Vernon’s Beryl Nerling (seated) helped lead a $60,000 fundraising campaign that led to the purchase of 10 new chairs for the Vernon Renal Centre, including the one Nerling, a dialysis patient, is sitting in. Nerling died Nov. 2 at the age of 95. (Morning Star - file photo)

Vernon’s Beryl Nerling (seated) helped lead a $60,000 fundraising campaign that led to the purchase of 10 new chairs for the Vernon Renal Centre, including the one Nerling, a dialysis patient, is sitting in. Nerling died Nov. 2 at the age of 95. (Morning Star - file photo)

Vernon kidney activist leaves legacy

Beryl Nerling raised more than $60K for new dialysis chairs at Vernon Renal Unit; she died Nov. 2

A noted letter writer to newspapers in Vernon and her native Lumby, Beryl Nerling’s motto was: “To remain silent indicates acceptance.”

Nerling’s pen and voice have, unfortunately, gone silent. She died Nov. 2 at the age of 95.

In 2011, Nerling penned a letter to the editor of the Morning Star, advocating the building of what would become Greater Vernon Athletic Park at Okanagan College, refuting an earlier letter written by a senior stating the facility was not needed.

“While we seniors don’t like to accept change and want to keep things as they are, we need to accept that we cannot stop progress, nor can we stop our city from growing and having the need to provide these facilities to provide a healthy lifestyle in our community,” wrote Nerling, who was also a driving force behind the referendum to build Kal Tire Place.

In her 90s, Nerling spearheaded a campaign for raising $60,000 for new dialysis chairs at the Vernon Renal Unit, where she was a fixture receiving dialysis treatment. The end result was more than $70,000 raised.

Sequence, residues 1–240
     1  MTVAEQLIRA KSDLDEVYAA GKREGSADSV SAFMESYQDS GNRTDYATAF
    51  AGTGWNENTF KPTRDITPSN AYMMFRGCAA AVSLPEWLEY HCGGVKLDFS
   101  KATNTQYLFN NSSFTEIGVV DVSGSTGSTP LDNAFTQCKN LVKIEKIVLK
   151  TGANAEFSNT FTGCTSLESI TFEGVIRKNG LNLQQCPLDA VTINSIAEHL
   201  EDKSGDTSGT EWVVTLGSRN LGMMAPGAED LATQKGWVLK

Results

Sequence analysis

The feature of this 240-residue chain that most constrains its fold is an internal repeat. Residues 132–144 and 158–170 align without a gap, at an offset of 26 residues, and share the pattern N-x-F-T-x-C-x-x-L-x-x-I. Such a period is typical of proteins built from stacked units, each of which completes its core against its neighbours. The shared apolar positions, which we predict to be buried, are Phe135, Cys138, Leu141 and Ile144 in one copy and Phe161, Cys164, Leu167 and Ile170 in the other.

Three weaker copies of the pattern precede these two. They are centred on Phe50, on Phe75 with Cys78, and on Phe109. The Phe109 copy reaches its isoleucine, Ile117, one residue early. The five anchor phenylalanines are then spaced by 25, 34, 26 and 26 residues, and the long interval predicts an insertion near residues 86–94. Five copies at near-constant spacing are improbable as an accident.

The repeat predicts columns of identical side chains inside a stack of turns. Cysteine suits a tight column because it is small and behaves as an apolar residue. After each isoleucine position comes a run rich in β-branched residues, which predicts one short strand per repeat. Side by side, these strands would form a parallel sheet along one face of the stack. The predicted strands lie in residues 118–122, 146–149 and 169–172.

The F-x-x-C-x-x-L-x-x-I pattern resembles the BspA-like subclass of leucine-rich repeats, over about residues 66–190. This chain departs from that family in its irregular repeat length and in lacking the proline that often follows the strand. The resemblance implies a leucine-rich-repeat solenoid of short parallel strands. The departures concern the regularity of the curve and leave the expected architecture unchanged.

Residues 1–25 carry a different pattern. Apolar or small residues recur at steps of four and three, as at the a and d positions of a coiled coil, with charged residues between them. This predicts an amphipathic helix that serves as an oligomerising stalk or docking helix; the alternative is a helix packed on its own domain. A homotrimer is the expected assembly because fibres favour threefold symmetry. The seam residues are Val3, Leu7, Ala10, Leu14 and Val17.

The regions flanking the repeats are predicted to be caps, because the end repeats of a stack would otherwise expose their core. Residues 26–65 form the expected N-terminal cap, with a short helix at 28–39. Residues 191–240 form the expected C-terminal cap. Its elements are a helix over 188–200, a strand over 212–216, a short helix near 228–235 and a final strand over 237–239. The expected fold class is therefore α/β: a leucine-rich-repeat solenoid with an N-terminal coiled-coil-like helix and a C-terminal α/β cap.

“I never thought it would go that good,” said Nerling, sitting in one of the new chairs at the centre in an Aug. 4, 2019, interview with the Morning Star. “I remember the day I was asked to head up a team to get money for the chairs.

“It took me about seven months to think about it. Then, once we started, it took three months to get the money. Thank you to everyone who contributed.”

Chandel Schmidt, director of annual programs for the Kelowna General Hospital Foundation, which oversaw the dialysis chair campaign, said the new chairs included several enhanced features, functionality and comfort for both the patients and health care staff.

“Patients can spend up to 12 hours each week in these chairs and thanks to Beryl and her unwavering support, these new additions are well appreciated,” said Schmidt. “Beryl was a firecracker and will surely be missed by many.”

Nerling was a Christmas Eve baby, born in the living quarters behind the old Lumby Post Office on Dec. 24, 1924, the last survivor of five children born to Jim and Ada McAllister.

She left Lumby in the Second World War to join the Canadian Women’s Army Corp, stationed in Victoria, Suffield Air Base in Alberta, and Ottawa.

Upon her discharge, Nerling worked a variety of jobs, mostly in bookkeeping, or running her own businesses. She retired at age 88 but still did family and friends’ income tax returns.

Nerling loved playing sports, especially basketball. In her younger years, she belonged to the Lumby Lend-a-Had Club and taught swimming lessons in Lumby and Vernon.

READ MORE: Vernon dialysis chairs campaign complete

READ MORE: Donation kickstarts dialysis campaign

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